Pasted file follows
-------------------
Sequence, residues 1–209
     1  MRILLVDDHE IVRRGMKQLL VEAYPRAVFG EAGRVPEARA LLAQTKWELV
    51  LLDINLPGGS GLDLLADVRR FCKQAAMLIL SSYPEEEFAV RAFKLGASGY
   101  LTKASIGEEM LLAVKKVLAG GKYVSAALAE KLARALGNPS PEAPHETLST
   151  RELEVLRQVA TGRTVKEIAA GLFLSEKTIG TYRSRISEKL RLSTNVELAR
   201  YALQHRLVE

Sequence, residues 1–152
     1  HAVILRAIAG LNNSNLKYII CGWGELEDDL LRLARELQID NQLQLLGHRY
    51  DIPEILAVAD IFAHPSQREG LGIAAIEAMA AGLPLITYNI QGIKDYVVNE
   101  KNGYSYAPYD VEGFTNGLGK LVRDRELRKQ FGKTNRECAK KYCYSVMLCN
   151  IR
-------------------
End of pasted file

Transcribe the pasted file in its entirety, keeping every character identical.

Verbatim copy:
Sequence, residues 1–209
     1  MRILLVDDHE IVRRGMKQLL VEAYPRAVFG EAGRVPEARA LLAQTKWELV
    51  LLDINLPGGS GLDLLADVRR FCKQAAMLIL SSYPEEEFAV RAFKLGASGY
   101  LTKASIGEEM LLAVKKVLAG GKYVSAALAE KLARALGNPS PEAPHETLST
   151  RELEVLRQVA TGRTVKEIAA GLFLSEKTIG TYRSRISEKL RLSTNVELAR
   201  YALQHRLVE

Sequence, residues 1–152
     1  HAVILRAIAG LNNSNLKYII CGWGELEDDL LRLARELQID NQLQLLGHRY
    51  DIPEILAVAD IFAHPSQREG LGIAAIEAMA AGLPLITYNI QGIKDYVVNE
   101  KNGYSYAPYD VEGFTNGLGK LVRDRELRKQ FGKTNRECAK KYCYSVMLCN
   151  IR